Radioembolisation Therapy for Liver Cancer
Radioembolisation is a procedure that uses microspheres (tiny glass or resin spheres) that contain the radionuclide Yttrium-90. These are used to treat patients with liver cancer, and are injected via an artery directly into the liver. Yttrium-90 releases short-range radiation that damages nearby cells. Because the microspheres accumulate to a greater extent in liver tumours than in normal liver tissue, the radiation damages the cancer whilst sparing nearby healthy tissue. There are two types of microspheres used: SirSpheres® and Theraspheres®. They are both very similar in the way they work.
The procedure is carried out in two stages, usually one to three weeks apart. Both procedures are carried out in a theatre in the Radiology Department, and are followed by a scan in the Nuclear Medicine Department.
The first stage is called the “work-up”, or pre-therapy appointment.
During the work-up stage, the treatment is simulated using a radioactive tracer injected into the liver via the hepatic artery. The tracer consists of tiny particles that get stuck in the small blood vessels in liver tumours. Once the tracer has been injected, the patient is scanned on a gamma camera in the Nuclear Medicine Department. The pictures show whether the tracer has properly targeted the cancer, and checks to see if a significant amount has accumulated in the lungs. If this is the case, the therapy may not be able to go ahead as the radiation dose to the lungs would be too large. After the scan, the patient may stay overnight on a ward or may be able to go home later the same day.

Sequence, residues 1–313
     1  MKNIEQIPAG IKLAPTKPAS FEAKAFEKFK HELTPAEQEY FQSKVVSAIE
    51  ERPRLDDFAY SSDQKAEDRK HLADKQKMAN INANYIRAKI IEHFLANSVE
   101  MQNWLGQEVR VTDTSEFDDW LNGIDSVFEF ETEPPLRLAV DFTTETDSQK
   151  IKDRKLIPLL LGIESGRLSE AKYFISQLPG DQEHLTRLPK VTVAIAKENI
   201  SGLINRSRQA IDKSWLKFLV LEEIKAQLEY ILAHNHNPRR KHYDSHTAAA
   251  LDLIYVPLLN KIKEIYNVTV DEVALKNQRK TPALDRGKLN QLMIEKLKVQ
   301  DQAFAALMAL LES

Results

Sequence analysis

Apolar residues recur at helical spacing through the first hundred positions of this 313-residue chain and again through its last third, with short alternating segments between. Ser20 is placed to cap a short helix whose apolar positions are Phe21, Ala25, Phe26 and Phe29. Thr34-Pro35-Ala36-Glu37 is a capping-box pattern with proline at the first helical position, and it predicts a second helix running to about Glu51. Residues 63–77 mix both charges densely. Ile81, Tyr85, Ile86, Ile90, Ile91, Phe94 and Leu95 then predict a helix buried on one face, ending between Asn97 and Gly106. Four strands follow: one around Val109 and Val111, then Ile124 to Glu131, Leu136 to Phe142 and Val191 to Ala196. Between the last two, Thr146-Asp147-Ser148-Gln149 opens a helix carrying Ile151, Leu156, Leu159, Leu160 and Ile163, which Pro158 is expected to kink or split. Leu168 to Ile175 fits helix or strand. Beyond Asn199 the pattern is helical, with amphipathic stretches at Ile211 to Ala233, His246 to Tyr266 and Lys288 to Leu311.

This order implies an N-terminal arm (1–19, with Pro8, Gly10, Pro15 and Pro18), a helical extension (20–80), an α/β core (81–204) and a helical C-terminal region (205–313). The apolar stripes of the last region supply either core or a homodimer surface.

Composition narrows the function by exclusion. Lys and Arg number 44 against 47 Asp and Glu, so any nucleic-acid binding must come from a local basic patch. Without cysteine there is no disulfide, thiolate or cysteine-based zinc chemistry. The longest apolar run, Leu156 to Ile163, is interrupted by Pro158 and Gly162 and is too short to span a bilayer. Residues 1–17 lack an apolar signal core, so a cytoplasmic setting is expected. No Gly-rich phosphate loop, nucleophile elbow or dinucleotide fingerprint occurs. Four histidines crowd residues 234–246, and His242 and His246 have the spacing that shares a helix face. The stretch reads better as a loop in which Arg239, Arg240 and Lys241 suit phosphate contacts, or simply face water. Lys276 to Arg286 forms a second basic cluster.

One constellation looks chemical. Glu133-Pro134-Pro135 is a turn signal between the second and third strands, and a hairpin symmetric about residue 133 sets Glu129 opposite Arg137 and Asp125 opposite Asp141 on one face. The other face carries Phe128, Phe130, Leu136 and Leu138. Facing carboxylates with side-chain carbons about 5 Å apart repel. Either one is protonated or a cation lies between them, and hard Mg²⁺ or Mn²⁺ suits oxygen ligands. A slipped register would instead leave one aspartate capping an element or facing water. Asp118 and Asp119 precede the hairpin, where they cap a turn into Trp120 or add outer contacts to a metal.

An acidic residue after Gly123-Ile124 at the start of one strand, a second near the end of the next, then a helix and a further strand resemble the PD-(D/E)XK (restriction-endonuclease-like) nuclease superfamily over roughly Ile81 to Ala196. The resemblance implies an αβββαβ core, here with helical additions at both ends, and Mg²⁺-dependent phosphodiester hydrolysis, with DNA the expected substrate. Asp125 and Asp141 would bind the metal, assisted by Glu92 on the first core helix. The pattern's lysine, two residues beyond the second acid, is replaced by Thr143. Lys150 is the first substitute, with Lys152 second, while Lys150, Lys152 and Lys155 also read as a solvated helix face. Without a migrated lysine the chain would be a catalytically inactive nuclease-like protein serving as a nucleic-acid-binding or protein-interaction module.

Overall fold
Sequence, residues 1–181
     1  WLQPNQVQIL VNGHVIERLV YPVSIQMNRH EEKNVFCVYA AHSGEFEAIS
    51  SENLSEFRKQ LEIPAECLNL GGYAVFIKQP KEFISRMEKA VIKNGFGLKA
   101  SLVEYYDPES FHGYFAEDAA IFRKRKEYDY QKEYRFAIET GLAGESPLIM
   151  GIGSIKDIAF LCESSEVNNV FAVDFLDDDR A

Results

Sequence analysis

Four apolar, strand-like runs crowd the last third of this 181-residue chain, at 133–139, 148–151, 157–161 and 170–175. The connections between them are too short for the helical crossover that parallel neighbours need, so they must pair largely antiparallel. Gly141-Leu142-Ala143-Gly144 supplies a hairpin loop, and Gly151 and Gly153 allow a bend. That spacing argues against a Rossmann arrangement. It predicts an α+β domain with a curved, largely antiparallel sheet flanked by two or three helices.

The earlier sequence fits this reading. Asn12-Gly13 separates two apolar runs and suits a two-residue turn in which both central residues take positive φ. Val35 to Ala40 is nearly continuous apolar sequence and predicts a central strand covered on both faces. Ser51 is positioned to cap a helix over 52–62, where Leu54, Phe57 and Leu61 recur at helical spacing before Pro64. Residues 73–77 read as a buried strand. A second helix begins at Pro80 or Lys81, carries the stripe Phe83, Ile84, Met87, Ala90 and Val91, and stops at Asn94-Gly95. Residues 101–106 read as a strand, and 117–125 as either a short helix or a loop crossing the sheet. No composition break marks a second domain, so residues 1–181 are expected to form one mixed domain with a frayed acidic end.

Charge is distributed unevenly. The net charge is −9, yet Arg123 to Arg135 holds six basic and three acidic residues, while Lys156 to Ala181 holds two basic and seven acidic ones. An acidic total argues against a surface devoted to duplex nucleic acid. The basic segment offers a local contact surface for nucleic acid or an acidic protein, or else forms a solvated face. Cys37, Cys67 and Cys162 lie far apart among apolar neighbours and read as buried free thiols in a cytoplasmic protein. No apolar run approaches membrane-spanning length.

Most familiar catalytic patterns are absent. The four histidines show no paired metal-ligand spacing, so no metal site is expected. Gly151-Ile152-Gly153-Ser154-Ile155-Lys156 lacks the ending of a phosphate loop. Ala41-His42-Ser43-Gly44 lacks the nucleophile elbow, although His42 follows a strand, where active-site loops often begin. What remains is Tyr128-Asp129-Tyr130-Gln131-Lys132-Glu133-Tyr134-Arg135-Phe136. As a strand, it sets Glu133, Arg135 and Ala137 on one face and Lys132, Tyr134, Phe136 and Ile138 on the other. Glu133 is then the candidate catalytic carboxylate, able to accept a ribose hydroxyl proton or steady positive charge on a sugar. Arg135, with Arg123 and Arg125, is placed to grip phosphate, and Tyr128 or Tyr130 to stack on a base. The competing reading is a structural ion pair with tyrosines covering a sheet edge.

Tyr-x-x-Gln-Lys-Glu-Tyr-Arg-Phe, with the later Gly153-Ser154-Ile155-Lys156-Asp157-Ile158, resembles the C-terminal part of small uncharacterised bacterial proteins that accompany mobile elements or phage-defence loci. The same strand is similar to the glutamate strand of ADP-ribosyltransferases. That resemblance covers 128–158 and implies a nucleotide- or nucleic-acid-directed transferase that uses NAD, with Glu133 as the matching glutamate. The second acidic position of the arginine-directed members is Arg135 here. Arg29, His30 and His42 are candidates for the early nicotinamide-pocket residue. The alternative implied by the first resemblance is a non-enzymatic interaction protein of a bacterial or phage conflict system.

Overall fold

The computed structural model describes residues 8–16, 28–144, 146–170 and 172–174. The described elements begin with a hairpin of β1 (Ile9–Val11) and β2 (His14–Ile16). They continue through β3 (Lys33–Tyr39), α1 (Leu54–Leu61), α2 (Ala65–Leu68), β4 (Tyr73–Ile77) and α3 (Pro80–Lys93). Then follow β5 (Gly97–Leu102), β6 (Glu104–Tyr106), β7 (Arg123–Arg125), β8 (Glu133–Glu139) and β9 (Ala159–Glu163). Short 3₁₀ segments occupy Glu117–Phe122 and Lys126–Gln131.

During the therapy stage, a similar procedure is followed, but this time the Yttrium-90 microspheres are injected. The microspheres get stuck in the small blood vessels and give a radiation dose to the liver tumours. The patient stays overnight on a ward and is scanned the following day in the Nuclear Medicine Department, to confirm that the microspheres have gone to the intended areas.
Upon discharge, patients are given radiation protection advice by a Medical Physicist. Since the therapy agent is radioactive, some simple precautions may need to be followed.
More detailed information on this therapy can be found in the Patient Information Leaflet.